Sunday, 27 September 2015

Space Oddities, Film Review: Das Cabinet des Dr. Caligari (The Cabinet of Dr Caligari)

If you were to ask most people about the first major plot twist in cinematic history, I feel the majority would say the Sixth Sense, or if they had an above average movie archive possibly the original Psycho. In fact I would have said Pyscho too, if it weren't for recently viewing the 1920 german classic Das Cabinet des Dr. Caligari (The Cabinet of Dr Caligari).

The entirety of the film except for a few short scenes is set in a series of flashbacks, told from the perspective of the protagonist, Francis, as he retails the story of how he met his supposed fiancĂ©e, and how they experienced traumatic event's at the hands of a Doctor and his Somnambulist. You find out at the end of the film, that the entire story excluding the scene's outside of the flashbacks, is actually based on fictional thought's of Francis, who is in fact a patient of a mental hospital, where his fiancee is actually just another random patient, and the supposed mad scientist doctor archetype is actually his own psychiatric doctor. This is the films big plot twist "It also owns the claim to the first ever plot twist in film, although this was not the movies original  intention, the director was asked to change the original ending as it was thought to be too strong. What must the 1920’s audiences made of this gruesome venture, the likes of which they had never seen before." (Ellinger, 2013)

Fig. 2

This can explains the design of the world the film takes place im, through-out the feature you see that structures, buildings, and other scenery,  everything is warped, twisted and bizarre looking, everything has strange angles and wouldn't really make sense in the real world "Nothing is naturalistic in the world they create, with bizarre angles, crazy patterns, and distorted proportions setting the film in a stage-like world obviously not our own" (Boslaugh, 2014). This is because the entire world we saw in the flash backs has been conjured by the thought's of a madman, and this can be perceived as  his broken view on the world.

Fig. 3

Finally this movie ends on a rather somber note, where its left for the viewer to decide who was really telling the truth, and to decide the fate of the characters for our own, a trope which will become common place in the cinema's of today "Nothing is to be trusted: the narrator is unreliable and damaged from the first frame; the actors’ non-realistic performances suggest they are all being directed by some meta-Caligari, and the sets suggest an insidiously psychic, rather than actual, landscape. Even the ‘happy ending’ is enigmatically creepy. The psychiatrist’s sudden revelation that he now knows how to treat the patient feels as much like a threat as a promise." (Bleasedale, 2014)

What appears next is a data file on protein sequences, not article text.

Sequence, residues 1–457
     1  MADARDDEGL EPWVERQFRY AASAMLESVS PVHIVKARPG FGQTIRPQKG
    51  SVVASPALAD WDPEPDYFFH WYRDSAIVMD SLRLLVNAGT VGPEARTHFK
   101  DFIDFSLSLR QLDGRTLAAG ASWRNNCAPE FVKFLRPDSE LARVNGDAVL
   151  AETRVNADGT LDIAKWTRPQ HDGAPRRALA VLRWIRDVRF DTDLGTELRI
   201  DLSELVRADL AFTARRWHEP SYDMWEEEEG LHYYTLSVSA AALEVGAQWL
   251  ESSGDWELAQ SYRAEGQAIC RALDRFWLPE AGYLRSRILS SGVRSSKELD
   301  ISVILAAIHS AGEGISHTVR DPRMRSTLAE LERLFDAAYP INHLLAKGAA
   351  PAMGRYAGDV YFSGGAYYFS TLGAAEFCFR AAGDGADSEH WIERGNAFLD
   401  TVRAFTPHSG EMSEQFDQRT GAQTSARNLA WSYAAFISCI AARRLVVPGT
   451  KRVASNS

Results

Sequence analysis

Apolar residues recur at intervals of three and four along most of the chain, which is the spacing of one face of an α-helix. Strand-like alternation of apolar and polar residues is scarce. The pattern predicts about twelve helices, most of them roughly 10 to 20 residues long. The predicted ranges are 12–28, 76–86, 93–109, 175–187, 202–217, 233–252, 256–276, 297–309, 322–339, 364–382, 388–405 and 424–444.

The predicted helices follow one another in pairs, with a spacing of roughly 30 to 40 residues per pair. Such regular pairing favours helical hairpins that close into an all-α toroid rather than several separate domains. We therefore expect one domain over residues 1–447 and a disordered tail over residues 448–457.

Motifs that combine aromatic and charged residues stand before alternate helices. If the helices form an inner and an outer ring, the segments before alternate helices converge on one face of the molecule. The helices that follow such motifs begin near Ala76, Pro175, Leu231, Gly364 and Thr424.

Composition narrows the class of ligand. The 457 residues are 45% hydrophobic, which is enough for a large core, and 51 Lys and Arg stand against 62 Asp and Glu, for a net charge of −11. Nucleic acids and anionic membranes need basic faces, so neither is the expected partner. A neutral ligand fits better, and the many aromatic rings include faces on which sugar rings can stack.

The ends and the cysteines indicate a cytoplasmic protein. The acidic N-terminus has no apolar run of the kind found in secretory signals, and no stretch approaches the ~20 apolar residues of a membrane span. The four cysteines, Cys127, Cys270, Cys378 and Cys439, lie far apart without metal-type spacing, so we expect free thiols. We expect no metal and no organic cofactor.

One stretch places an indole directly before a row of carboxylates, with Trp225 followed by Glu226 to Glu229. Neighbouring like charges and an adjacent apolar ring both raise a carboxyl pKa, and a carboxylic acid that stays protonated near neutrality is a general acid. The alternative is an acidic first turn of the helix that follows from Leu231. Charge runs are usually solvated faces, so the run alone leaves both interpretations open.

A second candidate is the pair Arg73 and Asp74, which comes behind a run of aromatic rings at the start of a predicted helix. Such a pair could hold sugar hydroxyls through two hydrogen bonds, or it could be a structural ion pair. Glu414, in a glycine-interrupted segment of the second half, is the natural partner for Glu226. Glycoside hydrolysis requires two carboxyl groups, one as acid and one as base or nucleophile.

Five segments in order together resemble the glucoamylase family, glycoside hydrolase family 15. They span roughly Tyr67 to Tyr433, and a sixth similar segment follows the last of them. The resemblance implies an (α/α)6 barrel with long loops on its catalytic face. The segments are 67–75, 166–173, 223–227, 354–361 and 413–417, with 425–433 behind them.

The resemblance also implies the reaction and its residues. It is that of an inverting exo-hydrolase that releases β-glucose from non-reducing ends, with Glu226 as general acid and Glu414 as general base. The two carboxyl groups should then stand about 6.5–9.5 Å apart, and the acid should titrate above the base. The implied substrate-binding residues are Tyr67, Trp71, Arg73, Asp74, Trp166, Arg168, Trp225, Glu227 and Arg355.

(Ellinger, 2013)
(Boslaugh, 2014)
(Bleasedale, 2014):


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  1. Hi Brad,

    Good to see your review up here :)

    A couple of pointers... try not to write in the first person, as you have done in your opening paragraph. Have a look back at the group blog, where Phil has posted a list od 'dos and donts'.

    Keep your font consistent throughout - it changes size and style half way through. Also have another quick look at the referencing guide, so that you can refine how your bibliography should look.

    You have made some very valid and interesting observations Brad, and have backed them up with relevant quotes... looking forward to reading your next one!

    1. Thanks Jackie, and whoops, the font must have changed when I pasted a quote and I didn't notice.

    2. Strangely, when I went to check to see what had happened, I found the entire review was actually previewing in the same font, so I have no clue why its come out like that when published... (screenshot)

  2. Brad do some thumbnails I want to see what you got man